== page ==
Asking about if the company has growth opportunities is another cliche one that I hear a lot of people use. Why is it a cliche? Well firstly to me it seems as if a candidate wants opportunities handed to them. Opportunities in life make themselves available to those who work towards them. Maybe you may not be able to move directly up the ranks because their are people in those positions, and if that is the only form of growth that is important to you then perhaps it is important to ask it in a unique way. However for me working on informative and groundbreaking research is what inspires me. Creating new processes and allowing for new methodologies to become common place is what I enjoy. Allowing for easier workflow through those topics mentioned above is the goal, and that once people see the value in what you are producing and you take the time to do the work you will be able to do it. Also asking for growth opportunities can be confusing for a company that is trying to hire for a specific position, it may alienate you for that position that you are trying to get. Because if you are already showing that you want to know about the next step it may portray you as anxious to move up. Instead you want to portray a calm determination, that if the opportunity arises that you will be there to meet it.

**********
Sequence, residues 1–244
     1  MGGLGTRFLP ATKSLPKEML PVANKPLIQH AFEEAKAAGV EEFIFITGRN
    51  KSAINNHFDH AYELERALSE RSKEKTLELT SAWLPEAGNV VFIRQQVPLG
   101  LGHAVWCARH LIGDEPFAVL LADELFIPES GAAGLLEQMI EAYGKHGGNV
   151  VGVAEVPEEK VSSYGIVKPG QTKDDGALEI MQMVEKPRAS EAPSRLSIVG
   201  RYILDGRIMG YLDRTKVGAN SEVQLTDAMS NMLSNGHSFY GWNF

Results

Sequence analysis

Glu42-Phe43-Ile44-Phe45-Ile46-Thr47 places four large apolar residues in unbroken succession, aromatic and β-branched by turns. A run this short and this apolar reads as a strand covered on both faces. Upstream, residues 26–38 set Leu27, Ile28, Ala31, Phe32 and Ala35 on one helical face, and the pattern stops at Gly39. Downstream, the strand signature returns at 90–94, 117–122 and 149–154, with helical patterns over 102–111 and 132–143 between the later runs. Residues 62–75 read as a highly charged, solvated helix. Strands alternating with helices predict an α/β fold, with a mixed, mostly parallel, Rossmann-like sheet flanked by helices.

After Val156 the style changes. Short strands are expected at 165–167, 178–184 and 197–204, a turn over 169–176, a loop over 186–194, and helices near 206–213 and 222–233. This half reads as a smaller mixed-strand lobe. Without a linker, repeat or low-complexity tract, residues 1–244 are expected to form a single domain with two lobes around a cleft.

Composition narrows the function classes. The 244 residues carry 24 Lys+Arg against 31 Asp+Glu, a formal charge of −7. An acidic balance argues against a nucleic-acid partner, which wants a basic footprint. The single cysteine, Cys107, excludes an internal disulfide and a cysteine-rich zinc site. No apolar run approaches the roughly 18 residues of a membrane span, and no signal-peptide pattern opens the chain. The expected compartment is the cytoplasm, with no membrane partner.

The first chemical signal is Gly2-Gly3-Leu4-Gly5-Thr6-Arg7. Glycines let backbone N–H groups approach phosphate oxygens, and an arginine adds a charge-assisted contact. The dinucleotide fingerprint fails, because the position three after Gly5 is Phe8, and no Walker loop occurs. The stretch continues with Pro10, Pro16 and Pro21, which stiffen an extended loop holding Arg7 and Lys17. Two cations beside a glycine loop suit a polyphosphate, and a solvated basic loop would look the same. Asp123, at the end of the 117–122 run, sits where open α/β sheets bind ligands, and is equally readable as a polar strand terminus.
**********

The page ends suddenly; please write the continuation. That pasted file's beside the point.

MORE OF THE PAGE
So think carefully when preparing for your interviews, work on ways to present yourself in the best possible light and showcase your passion for the true value that it is worth. Happy researching until next time.

Bye for now